While Dontnod Entertainment has predominantly been known recently for the Life is Strange series, their latest opus is pretty much the complete opposite to a coming-of-age adventure that stars pubescent teenage girls. Vampyr, their ultra dark action game set in post World War 1 London, stars doctor Jonathan Reid. As the name implies, the game is focused entirely on the spreading vampire epidemic in England, albeit from the perspective of a medical practitioner deeply struggling to deal with his newfound abilities, or from a different point of view – curse. Does the game stand up to their other titles, or other games within the vampire genre? Find out in my review!
Publisher: Focus Home Interactive
Developer: Dontnod Entertainment
Platform: PlayStation 4, Xbox One (Reviewed), Microsoft Windows
Release Date: June 5, 2018
Players: 1 Player
This game starts off with you lying in a pile of bodies as you pull yourself up from them, you’re soon met with tragedy – while not even realizing where you are and what is even happening. While you’re stumbling along, you find someone and all you can see are their veins and blood pumping, only to be overcome with vampiric thirst.
When you come to your senses, you realize that you just took the life of your only sister. This sets the tone for the rest of the game, complete with heavy handed vampire culture, politics, and dealing with a plague ridden London to boot on top of the other vamps running around.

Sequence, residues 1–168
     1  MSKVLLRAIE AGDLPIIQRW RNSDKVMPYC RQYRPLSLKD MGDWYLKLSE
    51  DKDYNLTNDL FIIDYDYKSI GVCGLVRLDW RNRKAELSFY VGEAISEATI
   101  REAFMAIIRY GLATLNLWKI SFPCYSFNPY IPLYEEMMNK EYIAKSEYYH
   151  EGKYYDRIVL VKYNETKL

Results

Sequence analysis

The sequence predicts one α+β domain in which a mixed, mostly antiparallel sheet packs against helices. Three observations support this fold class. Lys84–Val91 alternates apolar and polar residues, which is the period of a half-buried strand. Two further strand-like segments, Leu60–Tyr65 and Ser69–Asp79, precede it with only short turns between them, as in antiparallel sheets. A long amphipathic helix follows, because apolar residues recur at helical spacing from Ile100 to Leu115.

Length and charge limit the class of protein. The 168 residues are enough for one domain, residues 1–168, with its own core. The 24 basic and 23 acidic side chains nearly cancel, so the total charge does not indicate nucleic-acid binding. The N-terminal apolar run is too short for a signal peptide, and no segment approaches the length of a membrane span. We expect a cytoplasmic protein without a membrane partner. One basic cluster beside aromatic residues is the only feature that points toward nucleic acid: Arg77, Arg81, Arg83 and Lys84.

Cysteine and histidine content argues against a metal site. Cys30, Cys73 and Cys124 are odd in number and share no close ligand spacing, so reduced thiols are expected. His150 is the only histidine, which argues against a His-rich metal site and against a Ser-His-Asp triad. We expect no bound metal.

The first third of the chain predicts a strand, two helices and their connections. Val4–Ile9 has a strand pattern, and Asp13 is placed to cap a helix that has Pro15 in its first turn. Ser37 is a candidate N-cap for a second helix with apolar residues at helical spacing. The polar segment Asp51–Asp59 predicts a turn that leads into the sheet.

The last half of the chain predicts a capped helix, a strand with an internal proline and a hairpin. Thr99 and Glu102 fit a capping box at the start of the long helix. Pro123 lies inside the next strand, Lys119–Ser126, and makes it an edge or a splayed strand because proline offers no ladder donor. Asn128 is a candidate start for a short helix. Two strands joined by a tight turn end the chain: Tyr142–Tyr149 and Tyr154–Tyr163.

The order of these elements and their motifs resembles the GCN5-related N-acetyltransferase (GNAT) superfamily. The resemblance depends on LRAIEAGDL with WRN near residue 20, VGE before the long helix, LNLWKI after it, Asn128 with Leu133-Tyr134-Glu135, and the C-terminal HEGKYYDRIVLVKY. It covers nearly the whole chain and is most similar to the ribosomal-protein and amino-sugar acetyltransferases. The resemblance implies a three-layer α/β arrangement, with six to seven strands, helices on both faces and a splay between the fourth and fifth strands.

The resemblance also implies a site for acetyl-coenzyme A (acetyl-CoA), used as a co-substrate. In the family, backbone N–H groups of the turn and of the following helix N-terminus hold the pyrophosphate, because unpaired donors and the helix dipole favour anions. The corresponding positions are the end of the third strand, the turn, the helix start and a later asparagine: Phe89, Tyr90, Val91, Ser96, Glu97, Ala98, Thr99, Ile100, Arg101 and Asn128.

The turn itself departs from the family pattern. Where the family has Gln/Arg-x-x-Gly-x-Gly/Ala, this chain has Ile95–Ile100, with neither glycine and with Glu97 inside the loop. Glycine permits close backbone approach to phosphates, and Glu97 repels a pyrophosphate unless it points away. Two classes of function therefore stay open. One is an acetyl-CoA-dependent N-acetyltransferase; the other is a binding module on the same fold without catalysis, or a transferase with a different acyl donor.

The game mechanics are a bit clunky to get used to where you combine stunning your opponents and biting them for blood powers. As you progress, you get special abilities that use blood to damage foes. The crafting system, inventory system, and weapons seem a bit unbalanced when you get more powers, and you don’t really need powers aside from just stunning your foes.
Most of your combat will be: bite, rip and tear, rinse and repeat. It can get a bit repetitious but it’s okay overall. The trips to find materials to make weapons can seem a bit grindy but are not completely awful to where you have to search for a lot of them. When you do find materials from fighting and searching, you end up with a decent haul most times.
The boss battles have cool visuals and give you a glimpse into the hierarchy of vampires. Whereas we’re mostly familiar with the one kind of vamp that lurk in the darkness, suck your blood, and is afraid of garlic, those myths are laughably useless in this game. There is a whole ladder system of elder vamps, newly born vamps, mid-tier vamps, and so on.
The only constant seems to be the holy element where crosses hurt vampires in general but I rarely ran across it except in a few random fights with goons on the streets of London. You fight vampires with the power to generate hallucinations and disappear into thin air only to appear on top of you and you have to have fast reflexes to dodge being torn apart.
Your interactions with the environment and characters in terms of whether or not you choose to feed on them or not impacts your play experience. This boils down to the more you feed, the more dangerous the streets become, so use your vampiric prowess wisely and only feed when you need to, otherwise you’ll be in for quite the challenge.
If you choose to bite everything and everyone like the bloodthirsty monsters vampires are known for in legend, every time you step out on the streets you’ll have bounty hunters hired by the church to hunt you down at every turn – which can make navigating around quite a slog.